Lecture 25 - Multiple Trains

Public Service Annoucements

1. Fraser is back.
2. Train Control I demo on Wednesday, 8 July.
3. Thursday class cancelled.
4. The exam has three start times.
• 20.30, August 4
• 09.30, August 5
• 20.30, August 5
The end times are 26.5 hours after the start time.
Answers to questions asked from 20.30, 4 August to 22.00, 4 August will be answered on the newsgroup, whether they arrive by e-mail or on the newsgroup.

Multi-Train Control

By the next milestone you will be able to control two trains at the same time.

One way of doing this is to plan ahead.

• I expect the train to pass sensor X at time T, with a margin for error of 2\DeltaT.
• T comes from your velocity calibration: T = X/v
• \DeltaT also comes from the noise in my velocity calibration, and may not be symmetrical around T.
• That means that I expect the sensor
• Not to have been triggered before T - \DeltaR
• To have been triggered before T + \DeltaR
• Here \DeltaR is half the range of the random error, here assumed to be symmetric. What happens to the systematic error?
• The previous sensor reading for this train, gave sensor i at time t0. At t0 the train was really at Si + v*/DeltaS.
• In your model the train is assigned the position Si at t0.
• After t0 our model has the train at Si + v(t-t0), and in reality the train is at Si + v*(t - t0) + \DeltaS).
• Suppose the next sensor is at Si + x1. Then our model thinks it will record the next sensor hit at t1 = t0 + x / v, but the train is really at Si + x1 + v*\DeltaS. Thus, in reality we should expect record the next sensor hit at at t1, but it will actually occur at t1 - \DeltaS / v.
• We therefore expect the next sensor hit to occur between t1 - \DeltaS - \DeltaR and t1 - \DeltaS + \DeltaR.
• Remember that \DeltaS is the average time between making a sensor read request and the time at which we time-stamp it.
• This might suggest making a sensor server
• For each of these normal things you should have things ready to do if they don't occur.

Communication bandwidth to train controller

This is the scarcest resource.

The symptom that you are trying to use it too much is getting a lot of time-outs for events that actually occurred. Switches switching too late is another symptom.

• The usual cause is buffers filling in a serial server.
• If your programme is requesting sensor reports faster that the train controller can provide them then the time between asking for a report and getting the corresponding report lengthens monotonically. Growing buffers and queues in servers is an early warning of performance problems.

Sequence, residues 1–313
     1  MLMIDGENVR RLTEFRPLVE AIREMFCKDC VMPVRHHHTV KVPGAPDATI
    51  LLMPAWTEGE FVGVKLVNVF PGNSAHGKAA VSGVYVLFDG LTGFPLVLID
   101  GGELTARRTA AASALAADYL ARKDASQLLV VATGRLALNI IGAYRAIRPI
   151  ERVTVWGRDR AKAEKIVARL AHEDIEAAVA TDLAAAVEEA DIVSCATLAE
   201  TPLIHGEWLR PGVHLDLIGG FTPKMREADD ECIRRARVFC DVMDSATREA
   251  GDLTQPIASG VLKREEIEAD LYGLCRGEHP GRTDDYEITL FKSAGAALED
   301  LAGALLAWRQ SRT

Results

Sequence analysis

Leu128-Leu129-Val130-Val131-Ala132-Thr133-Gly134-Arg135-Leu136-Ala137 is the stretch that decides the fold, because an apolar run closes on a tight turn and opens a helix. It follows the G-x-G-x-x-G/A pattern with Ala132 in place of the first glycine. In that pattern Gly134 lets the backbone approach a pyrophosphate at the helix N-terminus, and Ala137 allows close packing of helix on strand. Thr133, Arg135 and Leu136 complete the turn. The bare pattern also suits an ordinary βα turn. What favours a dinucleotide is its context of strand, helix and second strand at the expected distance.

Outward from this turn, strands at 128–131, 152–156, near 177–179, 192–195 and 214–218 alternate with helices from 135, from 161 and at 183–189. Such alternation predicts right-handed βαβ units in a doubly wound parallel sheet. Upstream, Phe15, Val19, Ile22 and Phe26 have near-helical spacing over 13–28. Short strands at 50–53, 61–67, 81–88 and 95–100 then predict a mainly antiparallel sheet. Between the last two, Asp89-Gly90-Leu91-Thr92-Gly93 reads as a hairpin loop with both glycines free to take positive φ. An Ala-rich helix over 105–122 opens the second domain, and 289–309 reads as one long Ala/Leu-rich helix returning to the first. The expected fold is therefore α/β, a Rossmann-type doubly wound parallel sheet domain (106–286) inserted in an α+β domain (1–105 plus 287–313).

Route Finding and Following

You need to be able to route in the presence of obstacles. Some obstacles are stationary; others are moving: you should handle both properly. It's normally a good idea to start with stationary obstacles. Blocking one or more sections of track by a keyboard command, then asking for a route is probably the easiest place to start.

You need routes that reverse because they improve the performance of your project.

• As you add trains to your project, each train sees more blocked track when it asks for a route.
• The demo hits a limit when no train can find a route to its destination.
• Thus, more and shorter routes means more success in keeping your trains moving.
Please remember that it's not enough to find a route; you must also be able to drive a train along it. Driving over a route to a destination is not too hard, but it must be very robust because it's a basic capability required for driving two trains at once.

You can try a gradually harder approach.

1. Make sure that you really have the train finding the shortest route using only one train.
2. Make sure that you can route around one or more obstacles by manually removing an edge from the graph.
3. Drive a second train to some point; make sure that you route around it automatically.
4. Let the second train move in a simple way; make sure that you can route around.
5. Make two trains route simultaneously.
When you are testing hand or mentally calculate the shortest route before you start the train moving.

It doesn't matter what shortest-path algorithm you use, with one exception: the Floyd-Warshall algorithm does NOT work.